Encourage high-income groups and enterprises to contribute to society through public charity. Organize and standardize unreasonable incomes, set up an orderly income distribution system, and firmly crack down on illegal incomes.
Protect property rights and intellectual property rights, protect legitimate enrichment, and promote sound development in accordance with the norms of various types of capital.
(5) Promote the common prosperity of people while meeting their spiritual needs.
Enhance direction based on socialist core values, and continuously meet the diverse spiritual and cultural needs of the masses (Note 3).
Strengthen public support for common prosperity and provide a favorable public opinion environment for its promotion.
(6) Promote the common prosperity of farmers and rural communities.
Consolidate and expand the results of the efforts so far to lift people out of poverty.
Fully promote rural development, strengthen the construction of rural infrastructure and public service systems, and improve the living environment.
Ⅱ. Rectifying the Urban-Rural Gap Is a Challenge
Despite the ideology of socialism espoused by the government, China has one of the largest disparities between the rich and the poor in the world, with incomes in rural areas far below those in urban areas. In order to increase rural incomes, the key is to promote rural development and grant urban household registration to migrant farmers.
1. The Gap between Urban and Rural Areas Remains Large
In 2020, per capita disposable income in China reached 32,189 yuan nationwide, but the level is only 17,132 yuan in rural areas, 39.1% of the 43,834 yuan in urban areas (Note 4).
The income disparity between urban and rural areas is also a major source of regional disparity and class disparity. In fact, the more urbanized regions (provinces, autonomous regions, and centrally administered municipalities) tend to have higher per capita disposable income (Figure 1). Looking at the disparity in per capita disposable income among the different classes, the ratio of "high" to "low" among the five classes of "high," "upper middle" "middle," "lower middle," and "low," which each account for 20% of the total number of households, is 10.2 times for the nation as a whole in 2020, higher than 6.2 times for urban areas and 8.2 times for rural areas. (Figure 2).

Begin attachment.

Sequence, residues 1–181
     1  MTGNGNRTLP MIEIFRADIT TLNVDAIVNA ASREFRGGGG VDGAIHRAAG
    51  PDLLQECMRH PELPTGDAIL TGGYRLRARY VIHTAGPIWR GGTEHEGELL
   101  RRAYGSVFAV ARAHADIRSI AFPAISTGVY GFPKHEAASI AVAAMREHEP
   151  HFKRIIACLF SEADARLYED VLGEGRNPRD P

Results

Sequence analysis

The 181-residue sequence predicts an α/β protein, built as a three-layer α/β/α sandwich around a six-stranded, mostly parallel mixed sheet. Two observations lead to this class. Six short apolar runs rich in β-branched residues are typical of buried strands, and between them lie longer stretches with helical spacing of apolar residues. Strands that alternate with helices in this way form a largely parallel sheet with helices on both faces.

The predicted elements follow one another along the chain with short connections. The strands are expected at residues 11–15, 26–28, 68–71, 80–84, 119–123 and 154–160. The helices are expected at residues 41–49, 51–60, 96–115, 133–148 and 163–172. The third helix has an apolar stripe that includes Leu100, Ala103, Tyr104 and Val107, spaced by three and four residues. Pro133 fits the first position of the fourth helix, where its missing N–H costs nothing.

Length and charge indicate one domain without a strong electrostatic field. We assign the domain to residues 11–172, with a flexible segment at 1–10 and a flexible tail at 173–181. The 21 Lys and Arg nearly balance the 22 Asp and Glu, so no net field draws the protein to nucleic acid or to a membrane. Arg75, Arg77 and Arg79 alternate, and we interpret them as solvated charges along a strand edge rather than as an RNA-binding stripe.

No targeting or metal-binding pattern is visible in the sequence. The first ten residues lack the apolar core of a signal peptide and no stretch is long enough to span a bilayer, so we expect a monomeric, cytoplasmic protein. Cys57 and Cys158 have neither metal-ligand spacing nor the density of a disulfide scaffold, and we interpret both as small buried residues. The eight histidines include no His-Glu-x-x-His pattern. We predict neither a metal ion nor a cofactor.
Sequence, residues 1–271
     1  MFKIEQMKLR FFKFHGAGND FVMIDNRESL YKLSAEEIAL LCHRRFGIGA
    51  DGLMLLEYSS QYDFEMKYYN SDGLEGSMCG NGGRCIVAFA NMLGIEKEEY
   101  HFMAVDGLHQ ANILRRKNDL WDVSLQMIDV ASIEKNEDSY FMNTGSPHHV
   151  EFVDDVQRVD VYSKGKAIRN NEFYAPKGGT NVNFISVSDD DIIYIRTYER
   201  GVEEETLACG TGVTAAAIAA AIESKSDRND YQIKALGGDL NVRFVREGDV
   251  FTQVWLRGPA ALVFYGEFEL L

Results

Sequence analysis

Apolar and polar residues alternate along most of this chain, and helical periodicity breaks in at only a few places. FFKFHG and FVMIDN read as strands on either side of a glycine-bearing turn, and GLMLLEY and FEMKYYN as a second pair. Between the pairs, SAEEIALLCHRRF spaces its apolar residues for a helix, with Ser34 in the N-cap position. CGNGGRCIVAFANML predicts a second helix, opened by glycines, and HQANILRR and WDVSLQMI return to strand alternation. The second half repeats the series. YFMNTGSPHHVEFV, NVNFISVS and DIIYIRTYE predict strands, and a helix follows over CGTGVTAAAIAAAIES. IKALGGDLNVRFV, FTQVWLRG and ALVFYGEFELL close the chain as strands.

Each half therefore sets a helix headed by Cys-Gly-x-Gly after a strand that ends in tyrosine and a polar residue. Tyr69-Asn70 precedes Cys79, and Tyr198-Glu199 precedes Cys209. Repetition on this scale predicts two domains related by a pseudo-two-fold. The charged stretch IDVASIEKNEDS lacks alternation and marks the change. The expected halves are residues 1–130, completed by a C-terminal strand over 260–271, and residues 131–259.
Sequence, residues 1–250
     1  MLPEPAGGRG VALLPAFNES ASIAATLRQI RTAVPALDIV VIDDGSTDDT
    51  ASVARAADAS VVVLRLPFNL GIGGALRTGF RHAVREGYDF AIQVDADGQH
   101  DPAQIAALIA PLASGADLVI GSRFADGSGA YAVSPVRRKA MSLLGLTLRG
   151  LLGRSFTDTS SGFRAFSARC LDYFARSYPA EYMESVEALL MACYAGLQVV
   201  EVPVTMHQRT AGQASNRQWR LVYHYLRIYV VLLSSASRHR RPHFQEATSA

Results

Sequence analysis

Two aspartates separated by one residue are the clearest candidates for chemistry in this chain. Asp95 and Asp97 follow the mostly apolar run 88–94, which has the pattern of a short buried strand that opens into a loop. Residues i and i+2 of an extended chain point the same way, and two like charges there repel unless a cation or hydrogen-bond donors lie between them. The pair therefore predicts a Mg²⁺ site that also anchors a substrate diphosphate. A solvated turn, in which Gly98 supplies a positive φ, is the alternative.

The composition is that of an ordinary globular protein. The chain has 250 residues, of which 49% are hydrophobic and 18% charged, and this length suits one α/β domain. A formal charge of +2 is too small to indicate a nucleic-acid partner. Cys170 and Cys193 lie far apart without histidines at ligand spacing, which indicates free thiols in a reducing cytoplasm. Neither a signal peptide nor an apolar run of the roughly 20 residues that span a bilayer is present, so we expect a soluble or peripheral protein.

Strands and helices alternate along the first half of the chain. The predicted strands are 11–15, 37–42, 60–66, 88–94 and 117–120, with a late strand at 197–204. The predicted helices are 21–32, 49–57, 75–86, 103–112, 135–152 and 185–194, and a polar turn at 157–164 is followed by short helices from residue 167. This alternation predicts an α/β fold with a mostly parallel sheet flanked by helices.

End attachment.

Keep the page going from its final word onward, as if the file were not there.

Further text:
In China, the asset gap is even larger than the income gap. According to a survey report compiled by the Household Assets and Liabilities Survey Team of the People's Bank of China's Statistics Office, the average assets owned by urban households in China amounted to RMB 3,179,000, in 2019 with housing accounting for nearly 60% of the total, and the home ownership rate reaching 96.0%. Mainly reflecting the difference in housing prices, the average asset values per household in urban areas by region (province, autonomous region, or centrally administered municipality) amounted to 8,928,000 yuan in Beijing, the highest, but only 1,275,000 yuan in Xinjiang, the lowest (Figure 3). Although reliable data on household assets are not available for rural areas, the asset gap between urban and rural areas is likely to be even larger than the urban-rural income gap, given that the resale of housing is strictly regulated in rural areas and housing prices are much lower than in urban areas.